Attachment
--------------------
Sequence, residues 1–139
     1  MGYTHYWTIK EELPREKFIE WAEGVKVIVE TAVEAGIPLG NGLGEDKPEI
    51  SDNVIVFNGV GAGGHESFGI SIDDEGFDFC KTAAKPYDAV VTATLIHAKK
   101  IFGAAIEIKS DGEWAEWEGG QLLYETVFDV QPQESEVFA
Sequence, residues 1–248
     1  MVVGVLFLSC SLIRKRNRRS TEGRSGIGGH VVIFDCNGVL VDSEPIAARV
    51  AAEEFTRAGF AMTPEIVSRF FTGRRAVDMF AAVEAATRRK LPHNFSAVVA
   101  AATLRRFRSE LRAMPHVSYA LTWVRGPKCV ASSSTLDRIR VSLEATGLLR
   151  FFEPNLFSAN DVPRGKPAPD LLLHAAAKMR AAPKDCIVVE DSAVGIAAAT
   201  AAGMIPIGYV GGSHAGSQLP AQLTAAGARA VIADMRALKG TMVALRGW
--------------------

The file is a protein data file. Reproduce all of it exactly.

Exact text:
Sequence, residues 1–139
     1  MGYTHYWTIK EELPREKFIE WAEGVKVIVE TAVEAGIPLG NGLGEDKPEI
    51  SDNVIVFNGV GAGGHESFGI SIDDEGFDFC KTAAKPYDAV VTATLIHAKK
   101  IFGAAIEIKS DGEWAEWEGG QLLYETVFDV QPQESEVFA
Sequence, residues 1–248
     1  MVVGVLFLSC SLIRKRNRRS TEGRSGIGGH VVIFDCNGVL VDSEPIAARV
    51  AAEEFTRAGF AMTPEIVSRF FTGRRAVDMF AAVEAATRRK LPHNFSAVVA
   101  AATLRRFRSE LRAMPHVSYA LTWVRGPKCV ASSSTLDRIR VSLEATGLLR
   151  FFEPNLFSAN DVPRGKPAPD LLLHAAAKMR AAPKDCIVVE DSAVGIAAAT
   201  AAGMIPIGYV GGSHAGSQLP AQLTAAGARA VIADMRALKG TMVALRGW